Thursday, December 16, 2010

Parable of the Lost Sheep (Luke 15:1-7)

The Context

When reading parables, it is good to know with whom Jesus is speaking in order to understand the message. In the Parable of the Lost Sheep, Jesus was speaking to Pharisees. Pharisees believed that they were righteous in and of themselves. Not only did they become prideful about their righteous appearances, they turned their noses up at anyone who did not display the same traits. So when Jesus spent time with the "real sinners," they grumbled. Jesus then told three parables that relayed the same truth: Jesus loves and pursues sinners.

A Double-Layered Truth

Read the parable carefully. Jesus pursues sinners with a love that is unmatched. He loves to restore their lives. He loves to redeem them. Verse 7 states, "Just so, I tell you, there will be more joy in heaven over one sinner who repents than over ninety-nine righteous persons who need no repentance." A double-layered truth is revealed in this verse.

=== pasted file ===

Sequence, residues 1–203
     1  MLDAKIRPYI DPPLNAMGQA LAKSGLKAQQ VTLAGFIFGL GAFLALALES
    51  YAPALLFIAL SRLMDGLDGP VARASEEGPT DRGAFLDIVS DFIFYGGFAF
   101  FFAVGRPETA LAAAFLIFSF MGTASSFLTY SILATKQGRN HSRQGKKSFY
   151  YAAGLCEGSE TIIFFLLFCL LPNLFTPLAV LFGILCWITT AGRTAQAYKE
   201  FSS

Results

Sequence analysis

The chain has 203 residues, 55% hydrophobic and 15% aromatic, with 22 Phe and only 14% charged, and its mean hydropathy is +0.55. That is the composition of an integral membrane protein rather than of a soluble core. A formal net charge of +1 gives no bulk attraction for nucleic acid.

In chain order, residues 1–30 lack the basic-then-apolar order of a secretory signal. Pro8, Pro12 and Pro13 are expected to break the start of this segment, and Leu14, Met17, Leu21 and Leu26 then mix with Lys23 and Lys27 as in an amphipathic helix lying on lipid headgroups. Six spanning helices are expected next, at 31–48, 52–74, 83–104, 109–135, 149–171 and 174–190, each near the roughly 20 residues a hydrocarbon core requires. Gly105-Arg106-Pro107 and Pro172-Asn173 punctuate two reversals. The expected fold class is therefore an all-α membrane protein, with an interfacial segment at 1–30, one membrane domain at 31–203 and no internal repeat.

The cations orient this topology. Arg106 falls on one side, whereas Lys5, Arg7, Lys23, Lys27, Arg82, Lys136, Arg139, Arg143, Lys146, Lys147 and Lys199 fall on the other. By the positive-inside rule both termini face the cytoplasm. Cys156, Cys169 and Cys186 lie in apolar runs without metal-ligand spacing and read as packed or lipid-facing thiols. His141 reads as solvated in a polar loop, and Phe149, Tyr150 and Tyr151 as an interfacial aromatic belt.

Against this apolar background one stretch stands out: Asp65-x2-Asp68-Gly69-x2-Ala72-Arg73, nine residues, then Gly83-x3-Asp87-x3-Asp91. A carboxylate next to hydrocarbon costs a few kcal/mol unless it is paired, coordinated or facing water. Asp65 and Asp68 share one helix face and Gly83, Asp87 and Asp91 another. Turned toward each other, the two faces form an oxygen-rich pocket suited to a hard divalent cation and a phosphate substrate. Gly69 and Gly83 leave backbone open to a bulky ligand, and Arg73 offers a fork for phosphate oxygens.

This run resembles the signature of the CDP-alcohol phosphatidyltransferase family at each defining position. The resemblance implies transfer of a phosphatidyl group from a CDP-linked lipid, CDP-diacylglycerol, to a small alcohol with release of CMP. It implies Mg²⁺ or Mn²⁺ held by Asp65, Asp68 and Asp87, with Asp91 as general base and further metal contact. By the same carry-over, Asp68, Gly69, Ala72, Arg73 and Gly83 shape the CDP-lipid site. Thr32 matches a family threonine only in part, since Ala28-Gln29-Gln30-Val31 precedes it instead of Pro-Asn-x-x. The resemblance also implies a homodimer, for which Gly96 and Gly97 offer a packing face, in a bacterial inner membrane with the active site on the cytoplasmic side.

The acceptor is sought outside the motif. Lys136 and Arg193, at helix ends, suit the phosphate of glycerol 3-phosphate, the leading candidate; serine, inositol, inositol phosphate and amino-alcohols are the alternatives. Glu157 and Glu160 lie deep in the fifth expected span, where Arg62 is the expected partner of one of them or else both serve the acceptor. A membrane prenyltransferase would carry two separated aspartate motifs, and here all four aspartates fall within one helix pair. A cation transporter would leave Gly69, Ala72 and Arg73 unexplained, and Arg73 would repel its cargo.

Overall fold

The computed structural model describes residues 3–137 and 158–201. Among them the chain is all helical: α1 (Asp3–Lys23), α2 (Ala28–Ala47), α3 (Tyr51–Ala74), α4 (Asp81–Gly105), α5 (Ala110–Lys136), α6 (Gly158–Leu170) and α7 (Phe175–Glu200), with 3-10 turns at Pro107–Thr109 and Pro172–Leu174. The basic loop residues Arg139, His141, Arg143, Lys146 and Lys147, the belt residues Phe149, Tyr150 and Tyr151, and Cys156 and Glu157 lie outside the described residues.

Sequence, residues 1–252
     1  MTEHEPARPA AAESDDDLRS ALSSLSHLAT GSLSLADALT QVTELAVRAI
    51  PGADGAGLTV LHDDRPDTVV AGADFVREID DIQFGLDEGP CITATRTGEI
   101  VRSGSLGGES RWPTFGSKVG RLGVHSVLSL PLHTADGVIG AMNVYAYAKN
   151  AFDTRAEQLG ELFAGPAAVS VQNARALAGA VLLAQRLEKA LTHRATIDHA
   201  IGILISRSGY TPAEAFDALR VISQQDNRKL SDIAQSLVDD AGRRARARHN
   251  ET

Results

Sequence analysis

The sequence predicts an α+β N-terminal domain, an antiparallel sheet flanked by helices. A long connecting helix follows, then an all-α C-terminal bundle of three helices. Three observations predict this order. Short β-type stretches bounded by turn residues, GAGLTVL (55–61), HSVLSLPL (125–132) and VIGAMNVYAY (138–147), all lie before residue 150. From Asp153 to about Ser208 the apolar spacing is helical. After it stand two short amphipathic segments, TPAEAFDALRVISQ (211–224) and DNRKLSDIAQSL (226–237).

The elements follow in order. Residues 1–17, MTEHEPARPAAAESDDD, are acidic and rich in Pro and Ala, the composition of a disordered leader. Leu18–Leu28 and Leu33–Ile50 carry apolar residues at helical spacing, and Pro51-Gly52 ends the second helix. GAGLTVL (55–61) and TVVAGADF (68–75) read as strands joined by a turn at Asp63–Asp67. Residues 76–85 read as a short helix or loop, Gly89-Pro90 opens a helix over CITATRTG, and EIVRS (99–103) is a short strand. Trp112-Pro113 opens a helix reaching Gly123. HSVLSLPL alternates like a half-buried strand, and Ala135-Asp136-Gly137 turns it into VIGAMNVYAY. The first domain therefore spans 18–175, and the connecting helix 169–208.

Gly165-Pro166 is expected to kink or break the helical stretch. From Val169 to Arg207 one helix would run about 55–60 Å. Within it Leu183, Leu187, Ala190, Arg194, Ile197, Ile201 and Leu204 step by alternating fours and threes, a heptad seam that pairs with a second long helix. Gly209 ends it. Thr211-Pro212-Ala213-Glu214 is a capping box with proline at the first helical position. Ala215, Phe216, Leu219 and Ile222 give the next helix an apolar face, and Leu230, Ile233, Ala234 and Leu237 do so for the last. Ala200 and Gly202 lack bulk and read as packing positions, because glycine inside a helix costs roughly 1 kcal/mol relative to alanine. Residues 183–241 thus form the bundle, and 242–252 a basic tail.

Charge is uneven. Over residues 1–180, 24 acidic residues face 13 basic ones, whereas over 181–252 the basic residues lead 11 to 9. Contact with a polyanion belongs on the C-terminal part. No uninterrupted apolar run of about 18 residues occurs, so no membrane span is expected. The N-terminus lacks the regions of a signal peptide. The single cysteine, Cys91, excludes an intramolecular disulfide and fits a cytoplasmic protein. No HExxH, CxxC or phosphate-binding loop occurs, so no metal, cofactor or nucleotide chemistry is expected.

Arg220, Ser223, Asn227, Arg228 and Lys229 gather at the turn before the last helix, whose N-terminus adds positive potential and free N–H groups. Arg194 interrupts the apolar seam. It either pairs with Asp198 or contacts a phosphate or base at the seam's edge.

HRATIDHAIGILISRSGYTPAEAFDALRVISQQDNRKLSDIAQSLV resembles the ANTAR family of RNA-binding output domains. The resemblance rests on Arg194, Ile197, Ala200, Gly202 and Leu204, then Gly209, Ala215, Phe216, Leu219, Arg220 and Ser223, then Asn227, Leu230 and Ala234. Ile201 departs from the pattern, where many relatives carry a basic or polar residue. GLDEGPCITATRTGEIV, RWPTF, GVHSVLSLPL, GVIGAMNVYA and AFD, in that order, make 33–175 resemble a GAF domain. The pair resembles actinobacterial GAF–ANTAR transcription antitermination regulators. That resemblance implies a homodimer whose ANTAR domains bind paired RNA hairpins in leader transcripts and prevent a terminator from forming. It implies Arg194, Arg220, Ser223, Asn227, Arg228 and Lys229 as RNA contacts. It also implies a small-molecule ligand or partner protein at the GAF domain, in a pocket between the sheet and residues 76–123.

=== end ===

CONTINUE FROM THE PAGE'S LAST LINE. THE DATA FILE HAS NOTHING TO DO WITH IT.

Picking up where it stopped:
The first truth is that there is a celebration in Heaven when a sinner turns to Christ. Amen!

The second truth is that there is no celebration for those who "need no repentance." Jesus wasn't describing people who were already saved; He was speaking about the Pharisees. Jesus was alluding to the fact that there is no one who is righteous by their own works. There will be no celebration in Heaven for the self-righteous because they aren't known there.

Death = Life

When we begin to realize our own sinfulness, we will quit looking down our noses at this lost world and will realize that, in and of ourselves, we are just as bad. There is only one pedestal for a Christian, and Jesus is on it. One of the essential truths of Christianity is that we are nothing and Christ is everything. When we realize our nothingness and exalt Him, instead of ourselves, His righteousness will shine through us (Gal. 2:18-20). This is a supernatural act. Even our desire to glorify God is a gift from God (Phil. 2:13).